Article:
Heat waves are scorching sunflower crops across European Union countries, dashing hopes the region could reduce its vegetable oil import needs by growing more of the oilseeds domestically.
An aggregation of growing conditions for all of the EU’s sunflower-growing areas shows that the Gro vegetative health index, a key indicator of plant health, is at one of its lowest levels in more than two decades, according to Gro’s Climate Risk Navigator for Agriculture.
In addition, the Gro Drought Index, for acres planted to sunflowers, is at its highest reading in nearly 20 years, while soil moisture levels are the lowest in more than a decade.
EU countries traditionally relied on Ukraine to supply more than 40% of the bloc’s sunflower oil imports. An agreement to restart Ukrainian agricultural exports from the country’s war-blocked Black Sea ports was signed last Friday, which could help restore sunflower oil shipments to the EU. But questions about the export agreement’s implementation persist after Russia subsequently launched a missile attack on the port of Odessa.
Most sunflower seeds in the EU are crushed to make vegetable oil, which is mainly used in the food industry and for manufacturing biofuels. EU acreage planted to sunflowers was expanded by 1% this year, just shy of the 2013 record for area planted, to increase domestic production and partly offset Ukraine’s blocked exports.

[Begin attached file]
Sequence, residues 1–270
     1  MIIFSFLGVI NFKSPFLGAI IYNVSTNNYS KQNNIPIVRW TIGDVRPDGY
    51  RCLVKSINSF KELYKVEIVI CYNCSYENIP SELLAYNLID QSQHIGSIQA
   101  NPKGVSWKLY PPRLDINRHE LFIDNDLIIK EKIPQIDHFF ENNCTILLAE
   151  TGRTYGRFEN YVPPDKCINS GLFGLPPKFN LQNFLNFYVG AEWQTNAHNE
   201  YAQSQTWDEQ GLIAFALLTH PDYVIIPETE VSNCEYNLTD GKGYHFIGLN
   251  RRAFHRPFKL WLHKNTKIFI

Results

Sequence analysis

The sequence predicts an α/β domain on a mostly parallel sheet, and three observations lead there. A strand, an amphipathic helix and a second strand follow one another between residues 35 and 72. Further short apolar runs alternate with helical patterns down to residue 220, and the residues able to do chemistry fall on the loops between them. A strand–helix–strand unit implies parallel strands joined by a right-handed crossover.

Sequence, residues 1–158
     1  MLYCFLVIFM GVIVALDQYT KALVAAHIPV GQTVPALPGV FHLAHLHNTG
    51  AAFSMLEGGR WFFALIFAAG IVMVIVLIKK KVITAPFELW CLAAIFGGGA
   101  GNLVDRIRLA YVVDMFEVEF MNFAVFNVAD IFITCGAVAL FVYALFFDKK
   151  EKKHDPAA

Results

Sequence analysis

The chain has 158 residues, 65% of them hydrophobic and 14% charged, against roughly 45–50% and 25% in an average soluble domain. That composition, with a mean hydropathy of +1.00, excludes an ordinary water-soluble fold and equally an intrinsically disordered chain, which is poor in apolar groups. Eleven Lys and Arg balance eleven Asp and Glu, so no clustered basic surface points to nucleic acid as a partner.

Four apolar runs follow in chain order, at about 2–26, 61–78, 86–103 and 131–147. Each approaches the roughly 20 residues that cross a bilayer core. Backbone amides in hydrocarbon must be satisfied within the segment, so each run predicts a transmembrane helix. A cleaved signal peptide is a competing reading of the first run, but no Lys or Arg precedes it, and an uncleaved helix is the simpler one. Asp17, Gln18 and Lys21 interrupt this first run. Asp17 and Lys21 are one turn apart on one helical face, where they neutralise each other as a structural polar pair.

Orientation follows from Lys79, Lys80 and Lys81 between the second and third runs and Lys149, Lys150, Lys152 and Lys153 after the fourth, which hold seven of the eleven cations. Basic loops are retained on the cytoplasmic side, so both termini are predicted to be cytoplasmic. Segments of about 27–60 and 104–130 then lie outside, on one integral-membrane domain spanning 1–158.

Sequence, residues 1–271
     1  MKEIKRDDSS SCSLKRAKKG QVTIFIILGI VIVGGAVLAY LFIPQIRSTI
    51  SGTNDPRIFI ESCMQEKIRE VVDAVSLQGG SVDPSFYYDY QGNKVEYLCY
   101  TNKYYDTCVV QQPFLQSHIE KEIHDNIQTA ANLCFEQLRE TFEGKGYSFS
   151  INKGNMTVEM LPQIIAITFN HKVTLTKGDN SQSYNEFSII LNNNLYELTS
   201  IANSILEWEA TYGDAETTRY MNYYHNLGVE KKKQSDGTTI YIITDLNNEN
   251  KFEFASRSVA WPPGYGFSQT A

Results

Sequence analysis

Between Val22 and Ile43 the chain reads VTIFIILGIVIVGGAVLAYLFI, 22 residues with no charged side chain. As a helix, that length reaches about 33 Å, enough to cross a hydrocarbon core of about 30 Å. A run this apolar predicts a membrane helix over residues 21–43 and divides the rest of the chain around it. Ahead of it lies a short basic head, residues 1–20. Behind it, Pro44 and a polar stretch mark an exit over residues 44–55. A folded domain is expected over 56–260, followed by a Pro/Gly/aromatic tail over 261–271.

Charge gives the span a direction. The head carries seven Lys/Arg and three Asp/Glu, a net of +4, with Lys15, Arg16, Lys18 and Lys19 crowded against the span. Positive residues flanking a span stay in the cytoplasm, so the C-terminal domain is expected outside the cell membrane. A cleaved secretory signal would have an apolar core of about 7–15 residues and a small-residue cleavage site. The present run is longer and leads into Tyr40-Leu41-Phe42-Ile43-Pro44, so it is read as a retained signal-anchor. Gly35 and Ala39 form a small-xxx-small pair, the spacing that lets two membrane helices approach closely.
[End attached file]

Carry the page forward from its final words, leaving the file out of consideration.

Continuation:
However, poor growing conditions suggest the EU harvest will decrease. The Gro vegetative health index and Gro Drought Index, weighted for EU sunflower acres using the Gro Climate Risk Navigator, are both closely tracking readings last seen in 2007, when EU sunflower production fell by 26% year over year.
In Romania, which produces nearly one-third of the EU sunflower crop, growing conditions are slightly more favorable, although soil moisture remains at a decade low, as can be seen in this Climate Risk Navigator display. Europe’s sunflower crop is harvested in September and October.
Sunflower oil accounts for about 10% of vegetable oils consumed worldwide. Edible oils, which are used by nearly all consumer packaged goods companies, are generally interchangeable, so a shortage of one type exerts price pressure on the others.
Globally, the outlook for US soybean oil supplies remains uncertain as hot and dry conditions bake the US Midwest. Palm oil represents a bright spot for procurement managers worldwide as Indonesia seeks to boost exports to reduce bloated domestic inventories. Another bright spot: Australia is expected to produce a second record crop of canola.